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Ardwick is a district of the City of Manchestermarker, in North West Englandmarker. It is approximately one mile south-east of Manchester City Centremarker.

By the early 19th century Ardwick had grown from being a village into a pleasant and wealthy suburb of Manchester, but by the end of that century it had become heavily industrialised. When its industries later fell into decline then so did Ardwick itself, becoming one of the city's most deprived areas. Substantial development has taken place more recently in Ardwick and other areas of Manchester to reverse the decline, notably the construction of many facilities for the 2002 Commonwealth Games held here.

In the late 19th century Ardwick had many places of entertainment, but the only remnant of that history today is the Art Deco Manchester Apollomarker, a venue for pop and rock music concerts.


Prior to the Industrial Revolution, Ardwick was a small village situated just outside Manchester in open countryside. The principal residents were the Birch family, one of whom was a Major General when Oliver Cromwell (briefly) instituted direct military rule.

One Samuel Birch was instrumental in providing a small chapel of ease, dedicated to St. Thomas, and consecrated in 1741. This soon expanded into a rather fine Georgian church, to which a fine brick campanile tower was added in the 1830s. It contained a very rare Samuel green organ, the first in which the sharp keys were distinguished in black. There was also a memorial chapel to the dead of the First World War, chiefly men of the local territorial unit. Sadly, these have been removed, and the church is now used as offices for voluntary organisations.

Grand terraces of regency houses (some of which still survive) were built either side of the church, and these were fronted by Ardwick Greenmarker, a private park for the residents, containing a pond. Similar housing developments to those around the Green took place along Higher Ardwick and the area known as the Polygon.

Early inhabitants included members the family of Sir Robert Peel. Charles Dickens drew many of his characters from life, and was a frequent visitor to Manchester. It is said that Dickens based the character of the crippled Tiny Tim in A Christmas Carol on the invalid son of a friend who owned a cotton mill in Ardwick.

Ardwick Cemetery was established in the 1830s as a prestigious place for fashionable burials. John Dalton, the chemist and physicist best known for his advocacy of atomic theory, is amongst those buried there. The cemetery has since been converted into a school playing field.

Industrial revolution

During the 19th century, Ardwick became heavily industrialised and it was characterised by factories, railways and rows of back-to-back terraced houses being juxtaposed. Large numbers of Irish immigrants settled here, as they did throughout Manchester.Ardwick Stationmarker is situated at a junction where the Manchester and Birmingham Railway, later the London and North Western Railway diverged from the line to Sheffield that became the Great Central Railway. Nichols Hospital, a fine neo-gothic building that is now a school, was constructed on Hyde Road in the last quarter of the 19th century.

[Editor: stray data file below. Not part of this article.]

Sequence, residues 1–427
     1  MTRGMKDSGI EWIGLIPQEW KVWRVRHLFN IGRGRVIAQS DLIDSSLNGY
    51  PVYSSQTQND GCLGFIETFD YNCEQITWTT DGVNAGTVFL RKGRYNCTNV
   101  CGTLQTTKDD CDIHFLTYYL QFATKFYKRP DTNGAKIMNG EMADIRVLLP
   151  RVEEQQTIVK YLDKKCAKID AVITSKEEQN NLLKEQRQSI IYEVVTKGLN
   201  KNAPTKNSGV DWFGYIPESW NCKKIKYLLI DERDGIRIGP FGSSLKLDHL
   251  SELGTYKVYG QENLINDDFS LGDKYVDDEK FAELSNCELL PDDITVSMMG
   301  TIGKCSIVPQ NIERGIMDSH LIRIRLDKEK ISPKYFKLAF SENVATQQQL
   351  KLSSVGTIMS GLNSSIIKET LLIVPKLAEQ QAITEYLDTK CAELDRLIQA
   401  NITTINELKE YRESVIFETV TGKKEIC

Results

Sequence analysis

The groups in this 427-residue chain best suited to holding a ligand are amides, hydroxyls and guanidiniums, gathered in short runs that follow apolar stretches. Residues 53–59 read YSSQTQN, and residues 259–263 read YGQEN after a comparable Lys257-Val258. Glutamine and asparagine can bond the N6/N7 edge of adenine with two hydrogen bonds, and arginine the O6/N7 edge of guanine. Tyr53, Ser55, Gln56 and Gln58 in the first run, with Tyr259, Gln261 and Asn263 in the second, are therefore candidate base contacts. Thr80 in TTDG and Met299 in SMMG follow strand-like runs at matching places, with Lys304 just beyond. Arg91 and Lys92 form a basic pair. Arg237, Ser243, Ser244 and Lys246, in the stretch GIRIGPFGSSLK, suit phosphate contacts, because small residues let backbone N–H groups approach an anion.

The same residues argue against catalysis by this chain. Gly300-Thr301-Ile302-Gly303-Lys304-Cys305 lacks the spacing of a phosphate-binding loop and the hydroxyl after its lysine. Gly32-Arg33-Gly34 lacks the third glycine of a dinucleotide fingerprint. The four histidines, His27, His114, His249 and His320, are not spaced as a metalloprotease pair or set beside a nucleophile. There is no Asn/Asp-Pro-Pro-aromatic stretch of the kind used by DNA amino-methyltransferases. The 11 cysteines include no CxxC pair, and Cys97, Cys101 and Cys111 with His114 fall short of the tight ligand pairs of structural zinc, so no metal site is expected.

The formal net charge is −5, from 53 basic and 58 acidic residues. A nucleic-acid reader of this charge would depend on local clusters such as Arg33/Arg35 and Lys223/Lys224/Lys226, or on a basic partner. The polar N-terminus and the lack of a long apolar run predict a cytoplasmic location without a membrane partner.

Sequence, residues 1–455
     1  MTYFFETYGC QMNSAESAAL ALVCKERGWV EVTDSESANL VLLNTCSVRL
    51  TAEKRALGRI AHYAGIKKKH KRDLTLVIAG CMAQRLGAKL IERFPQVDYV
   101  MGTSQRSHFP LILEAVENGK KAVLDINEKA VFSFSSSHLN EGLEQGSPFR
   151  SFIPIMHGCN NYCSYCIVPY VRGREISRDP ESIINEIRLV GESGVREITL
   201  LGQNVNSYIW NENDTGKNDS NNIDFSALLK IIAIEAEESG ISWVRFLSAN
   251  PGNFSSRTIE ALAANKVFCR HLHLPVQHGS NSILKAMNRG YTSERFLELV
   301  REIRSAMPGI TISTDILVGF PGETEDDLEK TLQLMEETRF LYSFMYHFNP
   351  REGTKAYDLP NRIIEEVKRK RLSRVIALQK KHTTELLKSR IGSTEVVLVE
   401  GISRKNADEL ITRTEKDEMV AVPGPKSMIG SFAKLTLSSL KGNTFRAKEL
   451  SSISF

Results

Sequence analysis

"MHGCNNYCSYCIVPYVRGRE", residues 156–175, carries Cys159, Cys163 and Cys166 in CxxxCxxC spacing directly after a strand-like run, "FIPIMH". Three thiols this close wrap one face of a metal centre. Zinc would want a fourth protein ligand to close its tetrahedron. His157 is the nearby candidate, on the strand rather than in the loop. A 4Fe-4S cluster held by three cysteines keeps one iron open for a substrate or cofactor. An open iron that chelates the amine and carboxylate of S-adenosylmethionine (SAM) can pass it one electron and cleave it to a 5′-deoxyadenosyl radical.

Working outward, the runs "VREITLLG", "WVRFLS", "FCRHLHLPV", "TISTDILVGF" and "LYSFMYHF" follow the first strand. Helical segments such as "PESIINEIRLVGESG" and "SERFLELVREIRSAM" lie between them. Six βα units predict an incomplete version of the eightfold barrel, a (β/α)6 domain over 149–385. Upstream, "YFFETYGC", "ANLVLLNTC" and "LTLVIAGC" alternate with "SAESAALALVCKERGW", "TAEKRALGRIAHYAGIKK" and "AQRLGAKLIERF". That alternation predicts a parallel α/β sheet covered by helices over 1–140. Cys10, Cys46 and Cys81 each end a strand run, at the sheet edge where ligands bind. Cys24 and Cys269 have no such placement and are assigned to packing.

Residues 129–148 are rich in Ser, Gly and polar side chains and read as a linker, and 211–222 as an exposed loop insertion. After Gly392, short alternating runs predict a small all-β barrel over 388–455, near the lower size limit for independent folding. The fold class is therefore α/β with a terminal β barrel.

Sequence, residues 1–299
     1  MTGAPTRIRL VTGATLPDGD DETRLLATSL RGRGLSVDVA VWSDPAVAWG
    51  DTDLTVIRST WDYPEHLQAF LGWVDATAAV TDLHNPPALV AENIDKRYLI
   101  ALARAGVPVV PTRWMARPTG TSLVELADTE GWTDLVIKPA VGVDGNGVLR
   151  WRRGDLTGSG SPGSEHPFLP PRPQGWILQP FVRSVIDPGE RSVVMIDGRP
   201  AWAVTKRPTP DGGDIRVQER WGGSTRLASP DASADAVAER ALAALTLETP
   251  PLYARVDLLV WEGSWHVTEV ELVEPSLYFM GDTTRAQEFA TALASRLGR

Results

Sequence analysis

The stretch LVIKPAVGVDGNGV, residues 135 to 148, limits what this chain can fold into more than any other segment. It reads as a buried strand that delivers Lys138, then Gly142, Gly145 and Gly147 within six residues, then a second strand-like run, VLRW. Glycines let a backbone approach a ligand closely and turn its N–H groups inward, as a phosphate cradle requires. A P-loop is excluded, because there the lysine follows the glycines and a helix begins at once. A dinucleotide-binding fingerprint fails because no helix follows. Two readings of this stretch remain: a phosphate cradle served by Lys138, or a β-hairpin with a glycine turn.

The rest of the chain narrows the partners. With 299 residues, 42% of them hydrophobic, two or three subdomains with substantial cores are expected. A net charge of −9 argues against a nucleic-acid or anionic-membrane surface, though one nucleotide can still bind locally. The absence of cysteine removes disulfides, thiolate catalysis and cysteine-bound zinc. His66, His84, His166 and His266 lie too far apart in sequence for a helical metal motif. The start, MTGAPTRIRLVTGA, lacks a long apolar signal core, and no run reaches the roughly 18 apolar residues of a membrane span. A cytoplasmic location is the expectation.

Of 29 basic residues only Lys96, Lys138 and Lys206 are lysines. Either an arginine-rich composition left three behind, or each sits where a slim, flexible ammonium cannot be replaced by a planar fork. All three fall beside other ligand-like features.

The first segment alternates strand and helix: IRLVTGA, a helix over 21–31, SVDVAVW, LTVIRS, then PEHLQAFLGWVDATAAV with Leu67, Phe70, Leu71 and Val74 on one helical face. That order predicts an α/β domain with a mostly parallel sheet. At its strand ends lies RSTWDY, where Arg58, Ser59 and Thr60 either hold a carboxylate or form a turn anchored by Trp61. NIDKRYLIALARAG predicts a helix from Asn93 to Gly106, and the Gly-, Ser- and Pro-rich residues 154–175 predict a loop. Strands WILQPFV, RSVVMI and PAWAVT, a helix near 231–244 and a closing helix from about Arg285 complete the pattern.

The railway bridge across Hyde Road was known by older residents as the 'Fenian Arch'. On 18 September 1867 it was the scene of an attack upon a prison van carrying two Fenian prisoners to the former Belle Vue Jail, in which one police officer was killed. Three of the rescuers were captured and publicly hanged, the so-called Manchester Martyrs.

Geography and administration

Civic history

The village of Ardwick can be traced back to 1282, when it was known as Atherdwic and the road between Manchester and Stockportmarker runs through it. From mediaeval times Ardwick was an independent township in the ancient parish of Manchester within the Salford hundredmarker of Lancashiremarker. It became part of the Borough of Manchester on the borough's creation in 1838. The historic boundary between Ardwick and Manchester was the River Medlock.

Political divisions

Ardwick ward is represented by three councillors – Tom O'Callaghan, Bernard Priest, and Mavis Smitheman. All three are members of the Labour Party Both Tom O'Callaghan (2004-5) and Mavis Smitheman (2008-9) have served as Lord Mayor of Manchester.

Present day

Ardwick Green park has recently been refurbished, and though the pond is no more, it still contains an interesting glacial erratic in the form of a boulder. There is also a cenotaphmarker commemorating the 'Eighth Ardwicks', once a Territorial Army unit of the Manchester Regiment, whose former drill hall is still nearby. It was the old Volunteer Barracks, a fine Victorian castellated structure bearing the old volunteer motto "Defence Not Defiance". It is still in military use today.

The Manchester Apollomarker, a 1930s Art Deco structure, is one of Ardwick's most famous landmarks, playing host to national and international performing artists.

Extensive demolition of dilapidated Victorian terraces took places around Ardwick during the 1960s. Some residents remained in the area in new council-owned houses and flats, while others were relocated to overspill estates such as Hattersleymarker.


(According to 2001 census)

  • White British – 52.10%
  • White Irish – 5.19%
  • White Other – 4.70%
  • Black Or Black British – 13.94%
  • Asian or Asian British – 10.29%
  • Chinese or Other – 8.08%
  • Mixed Race – 5.69%


  1. Nicholls (2004), p. 58.
  2. Lead View Table


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